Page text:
If you want to check your work, you can use the bin function. The bin function will take a decimal number and return a string representation of that binary number. However, you should not use the bin function in your solution.

The output from the program must be identical to this:

Please enter a number : 83

The binary equivalent of 83 is 1010011.

7. Write a program that prompts the user to enter a 16-bit binary number (a string of 1's and 0's). Then, the program should print the decimal equivalent. Be sure to handle both negative and positive binary numbers correctly. If the user enters less than 16 digits you should assume that the digits to the left of the last digit are zeroes. When run the output should look like this:

Please enter a 16 bit binary number : 1010011

The base 10 equivalent of the binary number 1010011 is 83 .

To handle negative numbers correctly you first need to detect if it is a negative number. A 16-digit binary number is negative if it is 16 digits long and the leftmost digit is a 1. To convert a negative number to its integer equivalent, first take the 1's complement of the number. Then convert the 1's complement to an integer, then add 1 to the integer and negate the result to get the 2's complement.

The conversion from bits to an integer can be carried out by multiplying each bit by the power of 2 that it represents as described in Sect. 1.5 of Chap. 1.

8. Converting numbers to any base can be accomplished using the algorithm from Example 1.1. For instance, an integer can be converted to hexadecimal using this algorithm. Hexadecimal numbers are base 16. That means there are 16 possible values for one digit. Counting in hexadecimal starts 0, 1, 2, 3, 4, 5, 6, 7, 8, 9, a, b, c, d, e, f, 10, 11, 12 and so on. The algorithm changes so that instead of dividing by 2 you divide by 16. The one gotcha is that if the remainder after dividing is greater or equal to 10 (base 10) then you should not append the base 10 value to the string. Instead you should append a, b, c, d, e, or f. You can use if statements to determine the correct value to append. Write a program that prompts the user to enter an integer and then prints its hexadecimal equivalent. Traditionally, hexadecimal numbers start with a “0x” to identify them as hex, so your output should look like this:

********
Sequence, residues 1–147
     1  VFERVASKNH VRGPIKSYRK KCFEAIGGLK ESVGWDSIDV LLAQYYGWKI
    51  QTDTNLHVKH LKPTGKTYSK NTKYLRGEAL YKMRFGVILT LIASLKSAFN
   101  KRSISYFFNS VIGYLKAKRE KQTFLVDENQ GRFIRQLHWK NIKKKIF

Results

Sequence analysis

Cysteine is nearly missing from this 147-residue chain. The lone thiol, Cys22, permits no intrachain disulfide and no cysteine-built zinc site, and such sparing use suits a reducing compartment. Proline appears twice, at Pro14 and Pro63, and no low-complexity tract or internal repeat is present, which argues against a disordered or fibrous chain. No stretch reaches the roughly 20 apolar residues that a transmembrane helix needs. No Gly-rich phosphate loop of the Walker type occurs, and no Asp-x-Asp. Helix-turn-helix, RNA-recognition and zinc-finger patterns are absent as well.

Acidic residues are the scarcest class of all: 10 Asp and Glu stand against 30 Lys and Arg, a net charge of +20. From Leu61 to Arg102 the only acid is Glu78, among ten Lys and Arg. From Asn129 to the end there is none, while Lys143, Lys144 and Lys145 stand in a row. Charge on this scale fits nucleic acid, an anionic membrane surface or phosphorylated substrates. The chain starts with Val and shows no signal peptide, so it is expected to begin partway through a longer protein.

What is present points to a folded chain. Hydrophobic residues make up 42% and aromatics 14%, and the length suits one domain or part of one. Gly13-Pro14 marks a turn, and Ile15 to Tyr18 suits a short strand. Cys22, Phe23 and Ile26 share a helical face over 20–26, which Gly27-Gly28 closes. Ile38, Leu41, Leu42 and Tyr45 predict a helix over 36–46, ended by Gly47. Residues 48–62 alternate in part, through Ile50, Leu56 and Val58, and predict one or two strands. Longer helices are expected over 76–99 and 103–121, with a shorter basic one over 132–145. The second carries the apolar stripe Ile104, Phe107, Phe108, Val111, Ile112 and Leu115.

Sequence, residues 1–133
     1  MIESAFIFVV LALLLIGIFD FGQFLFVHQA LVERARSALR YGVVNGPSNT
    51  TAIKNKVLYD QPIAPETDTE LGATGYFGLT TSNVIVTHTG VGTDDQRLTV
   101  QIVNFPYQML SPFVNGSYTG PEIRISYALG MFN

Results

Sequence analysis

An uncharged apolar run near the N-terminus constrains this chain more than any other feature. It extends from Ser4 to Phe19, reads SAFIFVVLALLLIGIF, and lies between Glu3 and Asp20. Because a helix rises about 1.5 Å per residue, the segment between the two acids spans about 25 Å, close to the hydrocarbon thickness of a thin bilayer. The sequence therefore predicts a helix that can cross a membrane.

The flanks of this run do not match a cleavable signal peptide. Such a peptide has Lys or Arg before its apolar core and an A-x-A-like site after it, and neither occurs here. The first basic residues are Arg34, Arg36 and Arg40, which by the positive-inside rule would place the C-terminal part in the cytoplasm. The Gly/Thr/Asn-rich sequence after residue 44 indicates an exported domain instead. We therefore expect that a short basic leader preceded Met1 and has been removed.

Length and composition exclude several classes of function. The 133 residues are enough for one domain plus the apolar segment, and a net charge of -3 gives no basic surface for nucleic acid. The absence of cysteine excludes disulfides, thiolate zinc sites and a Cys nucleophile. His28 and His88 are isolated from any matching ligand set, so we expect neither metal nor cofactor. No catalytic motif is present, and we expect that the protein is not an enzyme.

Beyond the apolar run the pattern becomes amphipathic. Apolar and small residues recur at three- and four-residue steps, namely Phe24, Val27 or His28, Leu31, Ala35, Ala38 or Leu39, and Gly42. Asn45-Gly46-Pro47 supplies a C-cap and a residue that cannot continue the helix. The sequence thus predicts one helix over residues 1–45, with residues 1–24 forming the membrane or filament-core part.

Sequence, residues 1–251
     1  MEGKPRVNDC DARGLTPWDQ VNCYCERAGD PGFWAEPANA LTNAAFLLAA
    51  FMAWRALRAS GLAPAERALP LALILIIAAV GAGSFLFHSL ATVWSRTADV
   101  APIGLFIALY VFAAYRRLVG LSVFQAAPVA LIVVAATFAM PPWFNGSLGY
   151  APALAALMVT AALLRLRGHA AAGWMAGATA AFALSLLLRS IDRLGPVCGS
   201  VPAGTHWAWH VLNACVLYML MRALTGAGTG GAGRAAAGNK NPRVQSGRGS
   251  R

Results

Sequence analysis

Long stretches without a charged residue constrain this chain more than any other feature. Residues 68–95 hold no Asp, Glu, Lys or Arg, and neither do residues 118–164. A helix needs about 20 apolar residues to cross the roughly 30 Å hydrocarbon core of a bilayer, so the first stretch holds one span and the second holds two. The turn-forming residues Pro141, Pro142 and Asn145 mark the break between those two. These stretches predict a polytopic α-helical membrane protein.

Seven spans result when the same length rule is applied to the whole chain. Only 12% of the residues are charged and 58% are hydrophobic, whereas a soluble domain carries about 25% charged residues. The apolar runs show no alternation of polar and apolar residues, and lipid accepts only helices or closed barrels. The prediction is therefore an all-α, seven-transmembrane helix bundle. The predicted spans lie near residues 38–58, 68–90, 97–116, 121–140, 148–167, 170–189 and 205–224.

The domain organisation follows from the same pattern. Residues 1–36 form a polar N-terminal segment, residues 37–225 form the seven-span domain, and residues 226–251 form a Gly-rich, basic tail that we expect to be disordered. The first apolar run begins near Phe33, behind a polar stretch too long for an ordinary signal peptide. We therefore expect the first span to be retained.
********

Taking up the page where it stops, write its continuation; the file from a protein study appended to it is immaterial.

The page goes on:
Please enter an integer : 255

The hexadecimal equivalent is 0 x00ff

Your program should handle any base 10 integer from 0 to 65535. There is a function called hex in Python that converts integers to their hexadecimal representation. You may not use this in implementing this program, but you may use it to see if your program is producing the correct output. For instance, calling hex(255) will return the string 0xff.

You should check the input that the user enters to make sure that it is in the valid range accepted by your program.

Found a mistake? Please highlight the word and press Shift + Enter